Rapid Risk Assessment (RRA)
In an ideal world, we complete a risk assessment and it's job done.
But this world isn't ideal.
Risk changes all the time. Read about how we supported long term partner KCA Deutag with their brand new Rapid Risk Assessment (RRA) campaign.
You do a mental risk assessment before you drive a car, but it doesn’t account for a swift change in weather, other dangerous drivers, a truck ahead swaying in front of you or a tyre blowing out.
And the scenario is exactly the same on a rig. The crew changes, the weather changes, the task adapts, other operations conflict and fatigue can creep in. For these reasons, and more, we need to constantly re-evaluate risk.
What is it?
Sometimes referred to as ‘dynamic risk assessment’, other times it’s called ‘situational awareness’ and occasionally ‘chronic unease’ (that’s not an illness) – but what is it?
All terms loosely relate to the theme of constantly re-evaluating your surroundings and asking yourself a few key questions. For example: What’s changed? What could change? What might cause us harm? Do we need to stop and re-assess the situation?
Within KCA Deutag, the team use the simple acronym of SLAM: Stop, Look, Assess, Manage. And the team are widely encouraged, no matter their level within the organisation to do this regularly.
Long story short, KCA Deutag asked us to create something eye catching, and treat it as more of an overall campaign to support their SLAM initiative. And each campaign needs it’s own name and identity – which is why we collaboratively came up with Rapid Risk Assessment – RRA. While SLAM is the process of stopping, looking, assessing and managing; RRA is the element of quantifying the risk and taking action.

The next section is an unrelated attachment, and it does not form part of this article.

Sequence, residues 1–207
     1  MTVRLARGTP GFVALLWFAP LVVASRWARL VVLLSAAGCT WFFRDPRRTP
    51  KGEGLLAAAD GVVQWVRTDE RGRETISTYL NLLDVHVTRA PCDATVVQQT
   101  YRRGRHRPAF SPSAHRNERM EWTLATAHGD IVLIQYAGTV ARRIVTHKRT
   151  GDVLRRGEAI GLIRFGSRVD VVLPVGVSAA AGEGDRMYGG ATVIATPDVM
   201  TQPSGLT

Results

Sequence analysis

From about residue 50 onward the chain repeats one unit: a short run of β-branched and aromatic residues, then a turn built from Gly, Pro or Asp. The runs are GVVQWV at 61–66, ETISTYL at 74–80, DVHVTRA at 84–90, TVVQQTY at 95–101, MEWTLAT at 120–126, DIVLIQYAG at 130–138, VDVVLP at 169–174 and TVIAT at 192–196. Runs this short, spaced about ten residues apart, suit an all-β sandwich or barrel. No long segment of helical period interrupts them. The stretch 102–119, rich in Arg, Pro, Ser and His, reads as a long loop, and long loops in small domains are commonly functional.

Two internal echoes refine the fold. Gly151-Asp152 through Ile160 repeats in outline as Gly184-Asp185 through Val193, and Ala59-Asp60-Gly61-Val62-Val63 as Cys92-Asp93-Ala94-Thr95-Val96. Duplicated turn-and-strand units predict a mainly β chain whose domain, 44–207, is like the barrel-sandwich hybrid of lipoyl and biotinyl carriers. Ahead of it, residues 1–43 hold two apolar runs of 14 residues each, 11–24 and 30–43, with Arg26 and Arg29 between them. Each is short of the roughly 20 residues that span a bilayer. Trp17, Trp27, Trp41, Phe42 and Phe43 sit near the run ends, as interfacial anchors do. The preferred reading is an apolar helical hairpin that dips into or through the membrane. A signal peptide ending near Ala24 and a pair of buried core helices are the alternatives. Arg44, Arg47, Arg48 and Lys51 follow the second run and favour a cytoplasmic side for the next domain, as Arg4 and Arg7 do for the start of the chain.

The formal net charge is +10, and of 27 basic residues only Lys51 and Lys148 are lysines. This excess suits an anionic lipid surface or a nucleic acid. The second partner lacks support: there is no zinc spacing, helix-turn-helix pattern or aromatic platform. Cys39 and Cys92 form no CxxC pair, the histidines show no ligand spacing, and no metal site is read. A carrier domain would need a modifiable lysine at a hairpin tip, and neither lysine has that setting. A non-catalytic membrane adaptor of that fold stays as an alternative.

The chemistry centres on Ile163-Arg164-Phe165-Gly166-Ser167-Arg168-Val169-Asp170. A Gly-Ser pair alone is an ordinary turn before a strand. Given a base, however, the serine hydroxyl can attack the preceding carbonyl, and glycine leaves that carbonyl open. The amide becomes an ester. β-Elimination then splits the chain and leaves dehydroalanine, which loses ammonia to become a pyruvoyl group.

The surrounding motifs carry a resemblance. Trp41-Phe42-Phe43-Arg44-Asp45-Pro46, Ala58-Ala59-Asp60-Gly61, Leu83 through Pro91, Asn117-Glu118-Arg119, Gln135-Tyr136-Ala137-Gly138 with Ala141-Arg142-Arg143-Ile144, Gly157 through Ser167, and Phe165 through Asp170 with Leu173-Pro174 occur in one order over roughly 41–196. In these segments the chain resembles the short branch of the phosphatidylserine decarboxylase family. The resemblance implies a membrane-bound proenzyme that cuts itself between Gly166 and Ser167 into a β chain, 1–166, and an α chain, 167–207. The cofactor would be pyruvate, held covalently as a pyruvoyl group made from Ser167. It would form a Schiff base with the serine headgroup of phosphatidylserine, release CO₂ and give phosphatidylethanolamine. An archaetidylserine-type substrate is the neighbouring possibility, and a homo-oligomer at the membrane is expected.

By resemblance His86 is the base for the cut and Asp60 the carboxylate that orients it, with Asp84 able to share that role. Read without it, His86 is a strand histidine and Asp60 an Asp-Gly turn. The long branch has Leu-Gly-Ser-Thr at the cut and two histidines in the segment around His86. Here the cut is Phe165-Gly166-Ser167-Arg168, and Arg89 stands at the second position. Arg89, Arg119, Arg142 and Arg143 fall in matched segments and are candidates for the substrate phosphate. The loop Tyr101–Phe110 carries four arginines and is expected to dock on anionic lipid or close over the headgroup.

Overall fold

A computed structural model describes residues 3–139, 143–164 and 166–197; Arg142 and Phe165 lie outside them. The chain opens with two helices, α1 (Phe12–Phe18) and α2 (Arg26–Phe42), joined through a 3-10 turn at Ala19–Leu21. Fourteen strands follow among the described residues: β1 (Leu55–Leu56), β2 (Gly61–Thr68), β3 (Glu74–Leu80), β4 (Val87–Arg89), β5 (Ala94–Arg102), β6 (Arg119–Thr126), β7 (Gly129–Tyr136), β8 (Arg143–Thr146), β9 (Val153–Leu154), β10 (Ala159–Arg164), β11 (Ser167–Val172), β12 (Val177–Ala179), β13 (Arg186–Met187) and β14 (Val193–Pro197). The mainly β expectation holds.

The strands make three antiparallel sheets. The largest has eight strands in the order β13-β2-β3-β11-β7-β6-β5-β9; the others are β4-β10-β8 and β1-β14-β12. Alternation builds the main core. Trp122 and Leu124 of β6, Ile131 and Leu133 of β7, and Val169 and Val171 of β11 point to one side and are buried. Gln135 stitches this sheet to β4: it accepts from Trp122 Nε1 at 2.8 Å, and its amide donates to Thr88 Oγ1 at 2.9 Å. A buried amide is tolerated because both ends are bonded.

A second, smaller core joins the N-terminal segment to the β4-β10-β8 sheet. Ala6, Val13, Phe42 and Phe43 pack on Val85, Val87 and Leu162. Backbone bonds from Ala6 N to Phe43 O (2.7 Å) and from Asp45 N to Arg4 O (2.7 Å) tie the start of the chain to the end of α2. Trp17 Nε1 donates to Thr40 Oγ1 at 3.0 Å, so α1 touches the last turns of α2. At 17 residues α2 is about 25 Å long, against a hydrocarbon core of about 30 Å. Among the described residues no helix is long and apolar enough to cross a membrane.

This campaign featured a video (in three languages) a crocodile and a poster. More on the crocodile later.
To start these things off, we needed to understand the angle from which KCA Deutag needed to make the most impact. So we began with a call, followed by reviewing a rough outline of some proposed content.
In fact, the outline was just 11 slides with some key words, phrases, imagery and examples which needed to be shown. And as this campaign was being delivered across multiple regions – it needed to be incredibly visual, so in crawls (or walks?) the crocodile.
We’d love to take credit for the idea, but we can only really accept responsibility for the animation. Our project sponsor had the idea of the crocodile and the idea to bring it to life was one which he felt would connect across all regions and would lend itself perfectly to other visual campaigns.
The general message behind the crocodile, (let’s call him Clive) was that while they’re very still for long periods of time, if you don’t respect them or appreciate the risk, they can strike suddenly. And the same applies to the rig. You can work for days, weeks, months and even years – and then suddenly a lapse in concentration results in you getting a nasty bite, or maybe worse.
So Clive made the cut, and our Lead Creative Ed brought him to life, and had the tricky task of somehow merging Clive with a land rig. To be honest, we think he did a marvellous job.
So with the croc sorted and a solid anchor point defined – we could move on to the rest of the content.
With such great creative minds at Reuzer, and after a swift lunch and a coffee we sat down together and went through some ideas. Within a few hours we’d mapped the content and defined exactly what we’d animate, and how we’d transition between scenes. Instead of simply cutting between sections, we’d decided to use the last frame of the previous scene to become the transition point, creating a seamless user experience.
With production largely complete and with two weeks of hard graft and back and forth – we’d created a rather solid first edit. To test our theory we asked some outsiders to take a look and share their opinion!
Fortunately the client agreed and with some minor wording tweaks and image cropping we were ready to get on with the French and Arabic versions.